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Breathing less freely

Air Quality



Up on the Missoula City-County Health Department’s roof, five air-quality monitoring machines hum away on a cold, clear Dec. 19 morning. There’s no inversion stagnating the valley’s air today, which is especially good news given that new Environmental Protection Agency (EPA) pollution standards governing fine particulate matter went into effect Dec. 18. For the first time in 14 years, Missoula’s air is expected to fall short of the standards, which were stiffened following research suggesting that fine airborne particulate—2.5 micrometers in diameter and smaller, compared to the 60- to 80-micrometer diameter of human hair—has health impacts at lower concentrations than previously thought, says Jan Scher Lainsbury, health department air quality specialist.

“As soon as we became aware of the new standards and looked at our data, we said ‘oh, this is something that needs our attention,’” Lainsbury says.

While Missoula isn’t officially violating the new standards yet, Lainsbury expects that to change. Data from 2004 to 2006 will be used to gauge compliance, and while it can’t be completed until year’s end, preliminary analysis shows Missoula’s air has slightly more fine particulate pollution than new standards permit. While EPA limits for annual pollution—with which Missoula already complies—haven’t changed, the new daily limits were cut nearly in half, from 65 units to 35 units.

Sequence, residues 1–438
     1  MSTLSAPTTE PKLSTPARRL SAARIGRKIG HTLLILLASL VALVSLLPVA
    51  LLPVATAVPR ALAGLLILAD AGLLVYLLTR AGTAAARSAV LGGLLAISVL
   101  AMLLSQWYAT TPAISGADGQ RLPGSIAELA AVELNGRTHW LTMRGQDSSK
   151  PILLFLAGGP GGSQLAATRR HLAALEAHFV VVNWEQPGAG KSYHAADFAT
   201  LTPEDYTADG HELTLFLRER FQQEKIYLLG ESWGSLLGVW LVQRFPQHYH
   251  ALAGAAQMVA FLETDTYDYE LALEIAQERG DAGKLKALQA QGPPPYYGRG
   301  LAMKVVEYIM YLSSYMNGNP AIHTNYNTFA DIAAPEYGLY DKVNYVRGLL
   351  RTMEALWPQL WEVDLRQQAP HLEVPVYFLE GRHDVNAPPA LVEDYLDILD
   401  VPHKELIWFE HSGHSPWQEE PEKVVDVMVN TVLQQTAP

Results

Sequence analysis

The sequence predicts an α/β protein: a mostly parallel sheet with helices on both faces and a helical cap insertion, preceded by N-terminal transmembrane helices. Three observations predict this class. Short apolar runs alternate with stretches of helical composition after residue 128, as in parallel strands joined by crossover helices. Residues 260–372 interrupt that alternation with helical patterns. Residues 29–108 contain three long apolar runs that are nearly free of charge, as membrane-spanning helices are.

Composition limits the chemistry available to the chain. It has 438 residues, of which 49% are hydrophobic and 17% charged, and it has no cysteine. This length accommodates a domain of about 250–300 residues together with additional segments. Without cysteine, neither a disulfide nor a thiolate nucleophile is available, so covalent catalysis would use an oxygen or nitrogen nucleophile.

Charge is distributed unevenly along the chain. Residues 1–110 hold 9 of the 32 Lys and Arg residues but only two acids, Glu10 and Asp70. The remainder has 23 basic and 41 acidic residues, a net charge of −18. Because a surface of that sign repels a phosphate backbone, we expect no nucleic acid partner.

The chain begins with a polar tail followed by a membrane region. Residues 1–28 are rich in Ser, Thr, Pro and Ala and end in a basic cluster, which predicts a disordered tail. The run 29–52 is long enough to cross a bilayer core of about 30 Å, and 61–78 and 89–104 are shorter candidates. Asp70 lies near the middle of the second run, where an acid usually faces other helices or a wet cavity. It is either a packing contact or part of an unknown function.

Lainsbury expects Missoula’s daily average to end up at about 36 units, due largely to a handful of winter days when air quality is particularly poor.

In November, the health department began studying Missoula’s sources of fine particulate pollution to update and improve upon a decade-old study that found nearly half of fine particulates resulted from transportation, with substantial additional amounts coming from wood burning and industry.

Once that study and the analysis of Missoula data are done, Lainsbury says, the state will likely recommend that EPA declare Missoula a “non-attainment area,” which designation would require Missoula to develop an improvement plan, though it’s too early to say what such a plan might entail.

“This community has made huge strides [toward improving air quality] over the years,” says Lainsbury, “but we have a little more work to do.”


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